PICTURESONLINE
PICTURESONLINE
For your own fine-art print of this picture:
For your own fine-art print of this picture:
For a framing suggestion, please see tablet or desktop version of this page
For a fine-art print of this picture:
(roll over the image for a framing suggestion)
(mouse-over the image for a framing suggestion)
(tap picture for a framing idea)
All papers, inks and mount-board materials are of conservation grade.
Terms & Conditions     Privacy Policy     FAQ     Print information
Purchasing     Contact     Guestbook     About     Sitemap     Links
Terms & Conditions     Privacy Policy     FAQ     Print information

Purchasing     Contact     Guestbook     About     Sitemap     Links
All papers, inks and mount-board materials are of conservation grade.

£ 0.00

Add to Cart (0) Go to cart
Looking very forlorn in the main shed of Madrid's Railway
Museum, this loco - and I'm sorry I don't have a record of
what it is - seemed to be much ignored by the crowd (who
anyway were mostly there for the live jazz/dance concert
that was going on in the Museum grounds).
I got my Rite of Passage with steam locomotives very late
in life when I filmed a British team rescuing ten Finnish
locomotives from near the Arctic Circle that were
otherwise going to be scrapped. They were all coupled up
and towed by diesels to Helsinki to board a ship for
Felixstowe, but on the way we stopped to collect a few
more at another railway yard called Haapamaki, a sort of
forgotten siding with a museum attached. And there, on a
plinth, was a huge Finnish 'Risto' locomotive that had been
cut in half lengthways. And there it was that I finally understood how a steam
locomotive worked. Having recently got inside, with my camera, the smoke box and the
fire box of one of our rescued engines for the sake of the film, I could now piece together
the rest of the process. I've had a huge respect for these noisy, filthy, smelly, oily,
glorious engineering wonders ever since.
Looking very forlorn in the main shed of Madrid's Railway Museum, this loco - and I'm sorry
I don't have a record of what it is - seemed to be much ignored by the crowd (who anyway
were mostly there for the live jazz/dance concert that was going on in the Museum
grounds).
I got my Rite of Passage with steam locomotives very late in life when I filmed a British
team rescuing ten Finnish locomotives from near the Arctic Circle that were otherwise going
to be scrapped. They were all coupled up and towed by diesels to Helsinki to board a ship
for Felixstowe, but on the way we stopped to collect a few more at another railway yard
called Haapamaki, a sort of forgotten siding with a museum attached. And there, on a
plinth, was a huge Finnish 'Risto' locomotive that had been cut in half lengthways. And there
it was that I finally understood how a steam locomotive worked. Having recently got inside,
with my camera, the smoke box and the fire box of one of our rescued engines for the sake
of the film, I could now piece together the rest of the process. I've had a huge respect for
these noisy, filthy, smelly, oily, glorious engineering wonders ever since.
Looking very forlorn in the main shed of Madrid's Railway
Museum, this loco - and I'm sorry I don't have a record of
what it is - seemed to be much ignored by the crowd (who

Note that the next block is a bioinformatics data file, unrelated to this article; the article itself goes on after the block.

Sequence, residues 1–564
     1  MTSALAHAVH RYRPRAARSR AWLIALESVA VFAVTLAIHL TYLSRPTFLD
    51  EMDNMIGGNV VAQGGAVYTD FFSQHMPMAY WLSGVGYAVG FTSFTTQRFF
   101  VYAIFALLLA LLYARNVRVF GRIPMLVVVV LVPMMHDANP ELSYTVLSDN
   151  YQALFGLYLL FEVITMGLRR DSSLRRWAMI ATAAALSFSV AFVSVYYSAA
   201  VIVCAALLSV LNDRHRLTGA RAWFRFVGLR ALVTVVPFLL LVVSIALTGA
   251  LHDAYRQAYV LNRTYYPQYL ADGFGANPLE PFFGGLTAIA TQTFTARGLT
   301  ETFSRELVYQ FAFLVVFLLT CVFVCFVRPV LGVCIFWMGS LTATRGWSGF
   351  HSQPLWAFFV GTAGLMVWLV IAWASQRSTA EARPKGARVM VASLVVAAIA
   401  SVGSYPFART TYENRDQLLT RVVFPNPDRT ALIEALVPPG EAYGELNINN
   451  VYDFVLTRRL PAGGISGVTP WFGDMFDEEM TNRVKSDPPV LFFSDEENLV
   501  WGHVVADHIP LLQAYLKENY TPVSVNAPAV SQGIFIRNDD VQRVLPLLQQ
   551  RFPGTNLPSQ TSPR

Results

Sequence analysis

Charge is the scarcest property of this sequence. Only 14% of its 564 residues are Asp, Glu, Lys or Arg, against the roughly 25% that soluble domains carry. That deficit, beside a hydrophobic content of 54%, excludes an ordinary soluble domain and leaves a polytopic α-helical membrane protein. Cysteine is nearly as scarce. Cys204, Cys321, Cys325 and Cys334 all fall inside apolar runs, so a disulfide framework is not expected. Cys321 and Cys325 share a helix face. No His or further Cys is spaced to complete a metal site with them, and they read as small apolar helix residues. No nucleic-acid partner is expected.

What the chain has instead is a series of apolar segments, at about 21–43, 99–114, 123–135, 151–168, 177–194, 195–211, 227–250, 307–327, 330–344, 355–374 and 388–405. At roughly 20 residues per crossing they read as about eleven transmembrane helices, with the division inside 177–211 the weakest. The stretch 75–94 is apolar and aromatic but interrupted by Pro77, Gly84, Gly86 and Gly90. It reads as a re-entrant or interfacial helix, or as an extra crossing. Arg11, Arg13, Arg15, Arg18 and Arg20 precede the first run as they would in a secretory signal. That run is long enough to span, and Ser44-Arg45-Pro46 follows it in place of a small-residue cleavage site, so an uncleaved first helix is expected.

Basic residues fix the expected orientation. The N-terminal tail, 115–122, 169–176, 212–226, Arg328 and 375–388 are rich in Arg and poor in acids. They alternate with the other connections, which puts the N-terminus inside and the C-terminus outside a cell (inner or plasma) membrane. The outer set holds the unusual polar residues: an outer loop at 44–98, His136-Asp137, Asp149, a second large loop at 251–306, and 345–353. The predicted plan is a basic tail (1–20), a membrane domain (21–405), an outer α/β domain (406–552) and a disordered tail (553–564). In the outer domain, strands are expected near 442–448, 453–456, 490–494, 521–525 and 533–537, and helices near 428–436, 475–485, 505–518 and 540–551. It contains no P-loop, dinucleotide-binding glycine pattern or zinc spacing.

anyway were mostly there for the live jazz/dance concert
that was going on in the Museum grounds).
I got my Rite of Passage with steam locomotives very late
in life when I filmed a British team rescuing ten Finnish
locomotives from near the Arctic Circle that were
otherwise going to be scrapped. They were all coupled up
and towed by diesels to Helsinki to board a ship for
Felixstowe, but on the way we stopped to collect a few
more at another railway yard called Haapamaki, a sort of
forgotten siding with a museum attached. And there, on a
plinth, was a huge Finnish 'Risto' locomotive that had been
cut in half lengthways. And there it was that I finally understood how a steam
locomotive worked. Having recently got inside, with my camera, the smoke box and the
fire box of one of our rescued engines for the sake of the film, I could now piece together
the rest of the process. I've had a huge respect for these noisy, filthy, smelly, oily,
glorious engineering wonders ever since.

Euro star

Send to a friend
For your own fine-art print of this picture:
Looking very forlorn in the main shed of Madrid's Railway Museum, this loco - and I'm sorry I don't have a record of what it is - seemed to be much ignored by the crowd (who anyway were mostly there for the live jazz/dance concert that was going on in the Museum grounds).

I got my Rite of Passage with steam locomotives very late in life when I filmed a British team rescuing ten Finnish locomotives from near the Arctic Circle that were otherwise going to be scrapped. They were all coupled up and towed by diesels to Helsinki to board a ship for Felixstowe, but on the way we stopped to collect a few more at another railway yard called Haapamaki, a sort of forgotten siding with a museum attached.  And there, on a plinth, was a huge Finnish 'Risto' locomotive that had been cut in half lengthways. And there it was that I finally understood how a steam locomotive worked. Having recently got inside, with my camera, the smoke box and the fire box of one of our rescued engines for the sake of the film, I could now piece together the rest of the process. I've had a huge respect for these noisy, filthy, smelly, oily, glorious engineering wonders ever since.      
Float-mount this picture and try a black metallic frame

Float-mount this picture and try a black metallic frame

World gallery
Suffolk     Britain     World     B&W     Abstract
Suffolk     Britain     World    B&W     Abstract     Poetic Licence